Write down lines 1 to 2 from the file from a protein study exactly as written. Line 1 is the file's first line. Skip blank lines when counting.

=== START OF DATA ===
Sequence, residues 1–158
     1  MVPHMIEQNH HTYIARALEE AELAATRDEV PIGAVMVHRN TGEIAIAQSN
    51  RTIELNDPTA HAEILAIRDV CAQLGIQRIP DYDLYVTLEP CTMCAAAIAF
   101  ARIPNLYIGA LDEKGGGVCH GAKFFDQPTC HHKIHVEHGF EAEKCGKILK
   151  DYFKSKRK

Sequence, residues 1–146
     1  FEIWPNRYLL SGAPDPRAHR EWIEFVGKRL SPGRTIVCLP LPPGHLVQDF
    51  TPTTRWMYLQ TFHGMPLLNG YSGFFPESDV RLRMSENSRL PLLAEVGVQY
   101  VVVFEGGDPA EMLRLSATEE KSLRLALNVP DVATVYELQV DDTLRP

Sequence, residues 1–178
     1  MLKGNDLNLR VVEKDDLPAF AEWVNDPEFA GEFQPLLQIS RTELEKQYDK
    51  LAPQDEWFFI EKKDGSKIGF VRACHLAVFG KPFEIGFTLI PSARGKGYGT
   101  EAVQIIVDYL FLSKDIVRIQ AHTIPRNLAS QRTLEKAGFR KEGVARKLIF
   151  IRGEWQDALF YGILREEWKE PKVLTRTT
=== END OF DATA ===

Sequence, residues 1–158
     1  MVPHMIEQNH HTYIARALEE AELAATRDEV PIGAVMVHRN TGEIAIAQSN